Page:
I’ve been a nurse for over 10 years, half of that time practising internationally in the Philippines and the other half in Canada. In that time, I noticed a very interesting trend when it comes to adopting technology and innovation. Not just for nurses & doctors but the whole healthcare team. While we champion personalization of care and client-focused approaches our adoption of new technologies appears focused on addressing our challenges and not those of our clients.
Case in point with Virtual Reality, listed as one of the top 10 healthcare innovations in CMO Today*. Besides a few trailblazer early stage attempts in places like Lucile Packard Children’s Hospital*, Bridgepoint Health* and a handful of others at using the technology including my team here at VR Vision Healthcare. Most of the R&D and investment in the past has been focused on the healthcare team such as The Stanford Virtual Heart*, Ottawa Hospital VR Surgical Radiation Planning*, Children’s Hospital Los Angeles Paediatric Training*.
Technology has the uncanny ability to change the way we work, live and play at an incredible pace. We have seen in just the past decades how the internet and advances in medical equipment have transformed healthcare forever.
For the first time in human history, we can change our perception of reality without the use of traditional medication. VR/AR can engage patients in low-risk, artificially generated sensory experiences that could accelerate behaviour change in a way that is safer, more convenient, and more accessible to the consumer (Deloitte 2018 Global Health Care Outlook*).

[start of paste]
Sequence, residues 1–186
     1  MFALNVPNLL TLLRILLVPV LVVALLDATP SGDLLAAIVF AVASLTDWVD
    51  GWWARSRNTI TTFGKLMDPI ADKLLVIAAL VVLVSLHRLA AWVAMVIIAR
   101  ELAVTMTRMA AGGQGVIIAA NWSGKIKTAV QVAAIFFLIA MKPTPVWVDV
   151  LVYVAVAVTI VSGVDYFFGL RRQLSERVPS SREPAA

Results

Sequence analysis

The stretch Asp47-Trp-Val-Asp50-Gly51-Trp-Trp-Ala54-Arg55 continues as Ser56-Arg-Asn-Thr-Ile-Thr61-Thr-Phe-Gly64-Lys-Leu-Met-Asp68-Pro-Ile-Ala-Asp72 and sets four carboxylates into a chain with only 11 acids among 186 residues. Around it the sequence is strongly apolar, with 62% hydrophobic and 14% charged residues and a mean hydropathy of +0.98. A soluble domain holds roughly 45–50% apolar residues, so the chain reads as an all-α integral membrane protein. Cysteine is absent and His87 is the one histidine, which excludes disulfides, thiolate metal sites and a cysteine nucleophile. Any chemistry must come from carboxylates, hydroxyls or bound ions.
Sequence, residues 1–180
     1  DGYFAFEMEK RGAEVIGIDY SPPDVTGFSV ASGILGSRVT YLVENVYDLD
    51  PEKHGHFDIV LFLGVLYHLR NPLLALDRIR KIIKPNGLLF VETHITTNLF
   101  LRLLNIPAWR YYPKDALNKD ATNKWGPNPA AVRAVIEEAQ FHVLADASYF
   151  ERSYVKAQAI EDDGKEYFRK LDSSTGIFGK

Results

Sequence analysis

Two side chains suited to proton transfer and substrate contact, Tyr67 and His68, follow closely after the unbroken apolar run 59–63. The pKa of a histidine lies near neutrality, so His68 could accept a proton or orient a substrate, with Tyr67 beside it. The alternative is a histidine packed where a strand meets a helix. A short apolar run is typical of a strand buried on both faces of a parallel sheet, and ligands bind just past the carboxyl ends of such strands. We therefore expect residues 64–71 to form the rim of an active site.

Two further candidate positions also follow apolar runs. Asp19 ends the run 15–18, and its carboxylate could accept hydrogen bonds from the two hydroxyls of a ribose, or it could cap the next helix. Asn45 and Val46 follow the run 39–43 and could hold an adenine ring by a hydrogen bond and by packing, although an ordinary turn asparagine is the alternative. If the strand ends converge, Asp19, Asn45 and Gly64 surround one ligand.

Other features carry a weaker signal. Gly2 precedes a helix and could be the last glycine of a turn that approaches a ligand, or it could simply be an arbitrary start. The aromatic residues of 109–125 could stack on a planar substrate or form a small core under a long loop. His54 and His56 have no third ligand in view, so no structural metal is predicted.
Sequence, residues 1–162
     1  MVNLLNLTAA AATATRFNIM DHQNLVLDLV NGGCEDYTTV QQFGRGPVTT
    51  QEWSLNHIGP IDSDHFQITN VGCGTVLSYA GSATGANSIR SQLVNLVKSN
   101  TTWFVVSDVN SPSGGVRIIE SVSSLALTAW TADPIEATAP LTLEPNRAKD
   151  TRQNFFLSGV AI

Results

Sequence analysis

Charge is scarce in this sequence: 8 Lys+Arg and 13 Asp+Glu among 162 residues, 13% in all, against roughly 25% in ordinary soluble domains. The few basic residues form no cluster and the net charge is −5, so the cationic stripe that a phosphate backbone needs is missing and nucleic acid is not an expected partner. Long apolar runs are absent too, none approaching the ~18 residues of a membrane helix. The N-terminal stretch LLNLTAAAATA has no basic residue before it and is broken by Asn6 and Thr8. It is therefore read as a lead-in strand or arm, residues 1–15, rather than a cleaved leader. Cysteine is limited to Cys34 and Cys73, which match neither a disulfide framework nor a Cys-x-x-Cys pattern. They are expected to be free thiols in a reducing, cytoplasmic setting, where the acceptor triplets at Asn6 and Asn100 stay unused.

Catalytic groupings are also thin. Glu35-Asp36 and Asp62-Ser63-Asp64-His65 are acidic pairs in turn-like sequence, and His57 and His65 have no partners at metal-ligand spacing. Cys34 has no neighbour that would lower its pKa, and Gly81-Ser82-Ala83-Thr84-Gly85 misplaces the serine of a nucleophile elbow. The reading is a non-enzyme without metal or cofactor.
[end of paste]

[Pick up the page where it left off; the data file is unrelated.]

When applied to direct client care VR can have incredible effects, allowing for:
While deploying Virtual Reality sessions & deployments for leading care providers in Canada such as Providence Healthcare, MonSheong, Revera Living, West Neighbourhood House, Sahara Seniors and many others. My team and I have noticed a general improvement to client attitude – especially in seniors. Many become more vocal & communicative, others like Beth a 94-year-old lady who used to be a painter started moving her left hand – using a controller to paint after weeks of inaction after a mild stroke. Others would ask to visit the places they had lived or travelled to and marvelled to the changes. Almost 80% of the clients who use VR note feeling happier after using it and almost all ask to experience it again.
Not everything is easy with adopting new technologies & Virtual Reality is no different. Some of the biggest challenges of deploying in a healthcare setting are:
At VR Vision our in-house team of talented developers has helped create a platform that is specifically designed for healthcare in mind. These applications have been designed for the next generation of Standalone VR headsets.
In 2018 the global cost of dementia is expected to surpass $1 Trillion according to Science Direct*. This comes as no surprise as correlated with the rapid increase in the number of seniors, especially in the developed countries. Virtual Reality has been used to improve quality of life for seniors living with dementia according to Alzheimer’s News Today*. The team here at VR Vision has been hard at work developing customized & personalized experiences that put the individual in a setting that is immediately familiar to them. More to share on this in a future post!
The systems, tools and technology we use need to continually evolve as there is clearly an impact to the client & staff. My position as a Nurse and technology leader is to embrace technology at all levels of the client experience.
A shift from the “trickle down” effect of using emerging technology by the healthcare team to empowering our clients with it will directly. This has been proven to greatly increase satisfaction scores and that has a direct impact on the financial performance of healthcare institutions.
Today’s exponential growth in computing power is marking AI, VR-AR, Autonomous Vehicles, Indoor Navigation and Robotics incredibly accessible. What was once considered science fiction is now a reality. Our challenge as healthcare professionals is polarizing away from trying to do the best we can with very little to choose what technology or approach will have the best and biggest impact to improving the quality of life of our clients.